Wednesday, March 10, 2010

George Hofmann on Ken Noland

George Hofmann, Chinese Landscape, 2009. Acrylic on linen, 68" x 85."

George Hofmann is a fine painter who came of age as Abstract Expressionism was waning and Color Field was on the rise - he personally knew many of the key players, including Jules Olitski and Clement Greenberg. He's remained steadfastly devoted to painting during the waves of painting-is-dead sentiment that have risen periodically over the last four decades, and maintains that emotion is the prime mover in all great art. He was my professor in the MFA program at Hunter College and I have an immense amount of respect for him. I recently received the following comments from him via e-mail, and I thought they were worth broadcasting:

I have been thinking about your Noland comments and the Artforum obit you mentioned, and talking to Mike Williams, who worked for him for a long time. Noland loved jazz, and Mike says he particularly was close, personally too, to Steve Lacey. He cites a tune called "Worms."

I think Noland was as close to the jazz musicians as anybody could have been. That that was his essence and that was how he was different from everybody else. He was cool, but it denoted, as it did in the musicians, a kind of torture of distillation, I guess what is called a crucible. He had that basic truth in his work; he aimed for it, and somehow, a lot of the time, he achieved the state in which he could produce it. I don't know if that meant that he drank, or took dope, or was cruel and indifferent to human life; but whatever it entailed, he got it, and a lot of the time too. Noland was not an Ab Ex killer like the Pop guys; he deepened it.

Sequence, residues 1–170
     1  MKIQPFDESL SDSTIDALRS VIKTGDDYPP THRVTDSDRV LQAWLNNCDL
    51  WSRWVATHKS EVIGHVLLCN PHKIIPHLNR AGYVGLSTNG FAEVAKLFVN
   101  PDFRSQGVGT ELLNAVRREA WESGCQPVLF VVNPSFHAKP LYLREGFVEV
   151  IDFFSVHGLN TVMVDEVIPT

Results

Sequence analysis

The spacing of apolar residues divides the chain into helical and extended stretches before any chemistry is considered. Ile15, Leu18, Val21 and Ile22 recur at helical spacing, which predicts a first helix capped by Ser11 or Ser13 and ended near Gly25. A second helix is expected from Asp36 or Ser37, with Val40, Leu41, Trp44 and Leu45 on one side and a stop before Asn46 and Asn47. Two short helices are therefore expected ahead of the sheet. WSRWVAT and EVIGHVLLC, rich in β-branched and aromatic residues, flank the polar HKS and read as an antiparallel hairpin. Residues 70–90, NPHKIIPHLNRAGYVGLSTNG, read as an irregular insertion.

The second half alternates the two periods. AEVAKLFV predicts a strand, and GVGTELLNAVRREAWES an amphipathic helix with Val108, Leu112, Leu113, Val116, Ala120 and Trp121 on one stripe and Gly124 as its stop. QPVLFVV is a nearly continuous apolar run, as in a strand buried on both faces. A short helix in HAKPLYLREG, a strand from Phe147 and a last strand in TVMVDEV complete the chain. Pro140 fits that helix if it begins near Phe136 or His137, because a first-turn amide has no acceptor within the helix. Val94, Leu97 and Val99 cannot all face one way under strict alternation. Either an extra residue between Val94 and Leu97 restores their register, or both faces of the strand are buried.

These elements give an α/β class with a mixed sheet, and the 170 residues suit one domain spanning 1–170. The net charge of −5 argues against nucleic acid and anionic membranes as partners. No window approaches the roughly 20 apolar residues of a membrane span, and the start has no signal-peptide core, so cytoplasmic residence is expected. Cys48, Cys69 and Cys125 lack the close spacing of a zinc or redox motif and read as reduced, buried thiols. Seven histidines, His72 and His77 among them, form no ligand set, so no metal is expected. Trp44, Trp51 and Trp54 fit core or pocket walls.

Rich Garrison directed me to the Olitski website - it does look awful - but it shows what went wrong with him too. In the end, what is wrong with Poons is what went wrong with Jules: all this repetitive, empty motion; unfelt. A good rule, in terms of gestural work, would be to look for what is slow, painful and impossible. I still believe, of course, that Abstract Expressionism was aborted - it was savaged by the back-street aborters with a broken Coke bottle - but of course, the artists themselves were careless; literally care-less, and they did themselves in too. All that false "action" (that's why Rosenberg got it so wrong, in a way: the action wasn't true) was just the "action" of avoidance. Like people running off at the mouth; like Poons, babbling.

Real feeling comes out slowly, painfully perhaps; purified by terror and abandoning all that seems to matter. We've seen very little real gesture yet, and of course, the color of it will matter greatly: the nuance, the exactitude (like the exactitude of Noland, the exactitude of a Degas or of Morandi, or of any of the great color painters). It will show Hans Hofmann to be closer to what Should Be, but it will also show him to be closer to the generation of Franz Marc and the German Expressionists; welded to Cubism, vehement, forceful, searching, driven, lost.

There are a lot of great painters out there, and a lot of them are women: Joanna Pousette-Dart, Emily Mason (and certainly her mother), Gabriele Evertz. If I am very lucky, I will be able to end up with one or two lasting canvases - enough for me! Just think, if you could leave one picture that lasts!